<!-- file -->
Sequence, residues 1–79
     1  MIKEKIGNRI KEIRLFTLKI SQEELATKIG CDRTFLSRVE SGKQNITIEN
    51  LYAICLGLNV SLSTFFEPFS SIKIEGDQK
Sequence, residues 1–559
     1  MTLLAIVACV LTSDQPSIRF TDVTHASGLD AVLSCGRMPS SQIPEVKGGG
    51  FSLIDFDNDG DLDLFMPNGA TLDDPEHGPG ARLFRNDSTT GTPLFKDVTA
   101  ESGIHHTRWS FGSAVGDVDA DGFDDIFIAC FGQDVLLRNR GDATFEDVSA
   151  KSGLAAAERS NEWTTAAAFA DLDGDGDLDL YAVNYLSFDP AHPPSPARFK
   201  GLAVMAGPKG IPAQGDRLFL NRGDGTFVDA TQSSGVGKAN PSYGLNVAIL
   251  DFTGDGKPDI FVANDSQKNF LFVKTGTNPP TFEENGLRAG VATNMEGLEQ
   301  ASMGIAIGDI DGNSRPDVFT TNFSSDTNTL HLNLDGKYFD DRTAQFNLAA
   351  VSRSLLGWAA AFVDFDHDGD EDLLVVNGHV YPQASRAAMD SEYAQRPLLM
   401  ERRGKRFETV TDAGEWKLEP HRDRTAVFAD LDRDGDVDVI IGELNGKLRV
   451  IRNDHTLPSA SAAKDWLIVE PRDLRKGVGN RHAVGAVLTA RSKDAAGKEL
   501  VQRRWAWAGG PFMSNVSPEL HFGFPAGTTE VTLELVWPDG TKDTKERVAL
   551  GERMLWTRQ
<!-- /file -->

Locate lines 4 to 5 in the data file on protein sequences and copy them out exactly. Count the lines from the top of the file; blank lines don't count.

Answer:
Sequence, residues 1–559
     1  MTLLAIVACV LTSDQPSIRF TDVTHASGLD AVLSCGRMPS SQIPEVKGGG